Even if the Court was not recommending dismissal, it would be unable to properly assess Plaintiff's IFP Application because the Application is incomplete. For example, Plaintiff represents that in the past 12 months, she received income from 1) rent payments, interest, or dividends and 2) other sources. However, rather than describing the sources of money or the amounts received, and providing information about whether she expects to receive in the future, Plaintiff simply states: “(1) Social Security Exhibit (B) (2) Alaska Permanent Fund Dividend $1000 - Dec. 2016.” Plaintiff did not attach any exhibits, but it appears that she is referring to Exhibit B to the Complaint, which contains information about Social Security Benefits. There is no information about the frequency with which she receives the fund dividend, and whether she will continue to receive amounts from the same.

         The incompleteness of the Application precludes the Court from evaluating Plaintiff's present financial situation. In the absence of complete and accurate information, the Court cannot ascertain whether it is appropriate to permit Plaintiff to proceed in forma pauperis. For these reasons, the Application should be DENIED WITHOUT PREJUDICE.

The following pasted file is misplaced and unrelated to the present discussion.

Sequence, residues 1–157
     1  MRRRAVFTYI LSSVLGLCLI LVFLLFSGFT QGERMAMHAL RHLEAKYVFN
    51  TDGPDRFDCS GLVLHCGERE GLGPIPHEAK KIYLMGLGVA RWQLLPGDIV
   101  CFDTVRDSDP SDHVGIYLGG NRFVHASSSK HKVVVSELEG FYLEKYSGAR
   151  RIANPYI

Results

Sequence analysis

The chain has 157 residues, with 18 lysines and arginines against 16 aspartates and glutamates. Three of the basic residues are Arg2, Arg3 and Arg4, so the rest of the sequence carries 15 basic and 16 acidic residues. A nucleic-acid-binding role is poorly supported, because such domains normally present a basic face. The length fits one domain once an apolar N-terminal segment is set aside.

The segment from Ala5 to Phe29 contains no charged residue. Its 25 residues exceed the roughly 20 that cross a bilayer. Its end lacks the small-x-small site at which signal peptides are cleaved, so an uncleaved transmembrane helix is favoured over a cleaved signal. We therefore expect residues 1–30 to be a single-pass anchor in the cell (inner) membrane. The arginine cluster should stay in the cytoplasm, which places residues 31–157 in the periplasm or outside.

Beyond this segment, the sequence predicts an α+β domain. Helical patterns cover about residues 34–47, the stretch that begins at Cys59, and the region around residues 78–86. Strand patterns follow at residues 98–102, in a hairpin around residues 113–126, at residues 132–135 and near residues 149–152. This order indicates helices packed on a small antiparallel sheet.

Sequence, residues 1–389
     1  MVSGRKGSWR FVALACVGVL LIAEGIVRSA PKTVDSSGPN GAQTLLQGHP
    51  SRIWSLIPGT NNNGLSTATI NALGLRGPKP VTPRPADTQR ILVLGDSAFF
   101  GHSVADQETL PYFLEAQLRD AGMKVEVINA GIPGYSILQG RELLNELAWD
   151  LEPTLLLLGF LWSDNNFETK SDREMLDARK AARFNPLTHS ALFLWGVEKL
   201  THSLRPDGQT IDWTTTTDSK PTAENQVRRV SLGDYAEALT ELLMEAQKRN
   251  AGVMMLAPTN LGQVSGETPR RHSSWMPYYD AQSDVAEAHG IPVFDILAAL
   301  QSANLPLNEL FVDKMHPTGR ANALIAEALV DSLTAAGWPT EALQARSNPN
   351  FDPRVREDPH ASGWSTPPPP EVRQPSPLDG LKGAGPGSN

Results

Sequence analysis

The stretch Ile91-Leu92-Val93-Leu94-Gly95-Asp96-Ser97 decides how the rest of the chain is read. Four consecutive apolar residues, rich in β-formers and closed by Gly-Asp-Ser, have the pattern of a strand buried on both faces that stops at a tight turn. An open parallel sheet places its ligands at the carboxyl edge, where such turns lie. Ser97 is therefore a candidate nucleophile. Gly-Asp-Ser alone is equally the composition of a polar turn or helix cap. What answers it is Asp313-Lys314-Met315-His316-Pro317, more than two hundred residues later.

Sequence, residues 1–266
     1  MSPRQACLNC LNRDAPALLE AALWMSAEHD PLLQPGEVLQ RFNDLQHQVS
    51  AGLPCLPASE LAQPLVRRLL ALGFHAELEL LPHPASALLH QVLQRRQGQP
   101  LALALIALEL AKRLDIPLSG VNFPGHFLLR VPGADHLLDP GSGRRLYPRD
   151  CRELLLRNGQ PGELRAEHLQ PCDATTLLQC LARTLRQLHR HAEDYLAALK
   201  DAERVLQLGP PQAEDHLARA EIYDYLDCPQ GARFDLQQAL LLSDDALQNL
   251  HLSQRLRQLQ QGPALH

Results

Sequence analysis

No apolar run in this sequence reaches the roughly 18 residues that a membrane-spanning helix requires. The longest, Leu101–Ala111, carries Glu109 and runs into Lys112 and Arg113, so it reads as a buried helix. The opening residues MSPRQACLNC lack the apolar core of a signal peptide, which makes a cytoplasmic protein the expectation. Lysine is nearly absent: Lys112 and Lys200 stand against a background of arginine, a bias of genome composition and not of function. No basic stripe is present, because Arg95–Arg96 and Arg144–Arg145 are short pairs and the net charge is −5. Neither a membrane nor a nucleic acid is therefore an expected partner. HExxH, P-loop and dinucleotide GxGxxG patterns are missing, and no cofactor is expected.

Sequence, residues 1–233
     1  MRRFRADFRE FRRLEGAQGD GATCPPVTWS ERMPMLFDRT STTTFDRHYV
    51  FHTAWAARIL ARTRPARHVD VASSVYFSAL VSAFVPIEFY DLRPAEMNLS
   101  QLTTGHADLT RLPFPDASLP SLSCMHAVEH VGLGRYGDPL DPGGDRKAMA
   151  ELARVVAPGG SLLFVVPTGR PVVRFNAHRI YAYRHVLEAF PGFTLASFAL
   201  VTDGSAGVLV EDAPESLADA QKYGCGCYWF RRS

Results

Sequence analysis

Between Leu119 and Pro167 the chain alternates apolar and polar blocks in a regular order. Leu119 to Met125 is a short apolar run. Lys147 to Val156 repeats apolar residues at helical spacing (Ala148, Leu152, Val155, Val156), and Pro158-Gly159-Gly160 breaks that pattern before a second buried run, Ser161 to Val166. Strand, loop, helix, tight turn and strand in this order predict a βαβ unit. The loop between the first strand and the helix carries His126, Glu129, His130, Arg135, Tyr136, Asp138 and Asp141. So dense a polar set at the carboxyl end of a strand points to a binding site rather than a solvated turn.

If Plaintiff elects to file an amended complaint, she should do so by October 30, 2017. Plaintiff is advised that Local Rule 10.3 requires that “any party filing . . . an amended complaint . . . shall reproduce the entire pleading as amended and may not incorporate any part of a prior pleading by reference, except with leave of court.” Local Rule 10.3. As a general rule, an amended complaint supersedes the original complaint. See Loux v. Rhay, 375 F.2d 55, 57 (9th Cir. 1967). Thus, if Plaintiff files an amended complaint, the Complaint no longer serves any function in the case.

         CONCLUSION

         In accordance with the foregoing, the Court makes the ...